The assignment of these codes is governed by IATA Resolution 763, and it is administered by IATA headquarters in Montreal. The codes are published semiannually in the IATA Airline Coding Directory.
IATA also provides codes for railway stations and for airport handling entities. A list of airports sorted by IATA code is available. A list of railway station codes, shared in agreements between airlines and rail lines such as Amtrak, SNCF French Rail, and Deutsche Bahn, is available. Many railway administrations have their own list of codes for their stations, such as the list of Amtrak station codes.
Airport codes arose out of the convenience that it brought pilots for location identification in the 1930s. Initially, pilots in the United States used the two-letter code from the National Weather Service (NWS) for identifying cities. This system became unmanageable for cities and towns without an NWS identifier, thus a three-letter system of airport codes was implemented. This system allowed for 17,576 permutations, assuming all letters can be used in conjunction with each other.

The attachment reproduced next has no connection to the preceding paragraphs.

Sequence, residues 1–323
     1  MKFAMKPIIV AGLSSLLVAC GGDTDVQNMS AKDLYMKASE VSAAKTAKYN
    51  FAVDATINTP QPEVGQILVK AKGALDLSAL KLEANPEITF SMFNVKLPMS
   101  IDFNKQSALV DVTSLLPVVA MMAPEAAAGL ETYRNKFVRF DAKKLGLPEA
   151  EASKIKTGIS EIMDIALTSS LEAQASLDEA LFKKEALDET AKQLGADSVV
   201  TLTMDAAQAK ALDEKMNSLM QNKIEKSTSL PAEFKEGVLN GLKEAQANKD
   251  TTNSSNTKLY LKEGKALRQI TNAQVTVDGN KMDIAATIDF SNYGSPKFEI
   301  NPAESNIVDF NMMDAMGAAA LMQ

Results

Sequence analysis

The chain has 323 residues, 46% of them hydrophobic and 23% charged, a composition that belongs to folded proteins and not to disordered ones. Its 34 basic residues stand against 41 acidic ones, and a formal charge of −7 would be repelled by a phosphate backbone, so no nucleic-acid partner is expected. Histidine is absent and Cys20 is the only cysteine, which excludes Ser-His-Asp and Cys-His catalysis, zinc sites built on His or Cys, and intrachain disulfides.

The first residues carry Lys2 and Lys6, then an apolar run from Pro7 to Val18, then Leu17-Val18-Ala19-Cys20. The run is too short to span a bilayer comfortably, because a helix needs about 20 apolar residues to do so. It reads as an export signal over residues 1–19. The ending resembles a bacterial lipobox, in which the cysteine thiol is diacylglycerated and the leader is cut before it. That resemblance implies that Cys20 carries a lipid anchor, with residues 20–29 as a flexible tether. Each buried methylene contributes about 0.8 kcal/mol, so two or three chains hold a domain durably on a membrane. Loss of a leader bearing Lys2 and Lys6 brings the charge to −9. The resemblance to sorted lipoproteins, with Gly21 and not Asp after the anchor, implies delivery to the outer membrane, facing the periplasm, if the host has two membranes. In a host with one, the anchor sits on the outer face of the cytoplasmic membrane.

Generally speaking, airport codes are named after the first three letters of the city in which it is located—ATL for Atlanta, SIN for Singapore, ASU for Asunción, MEX for Mexico City, IST for Istanbul; or a combination of the letters in its name, EWR for Newark, GDL for Guadalajara, JNB for Johannesburg, HKG for Hong Kong, SLC for Salt Lake City and WAW for Warsaw. Some airports in the United States retained their NWS codes and simply appended an X at the end, such as LAX for Los Angeles, PDX for Portland, and PHX for Phoenix.
For many reasons, some airport codes do not fit the normal scheme described above. Some airports, for example, cross several municipalities or regions, and mix the letters around, giving rise to DFW for Dallas–Fort Worth, DTW for Detroit–Wayne County, LBA for Leeds Bradford (Airport), MSP for Minneapolis–Saint Paul, and RDU for Raleigh–Durham.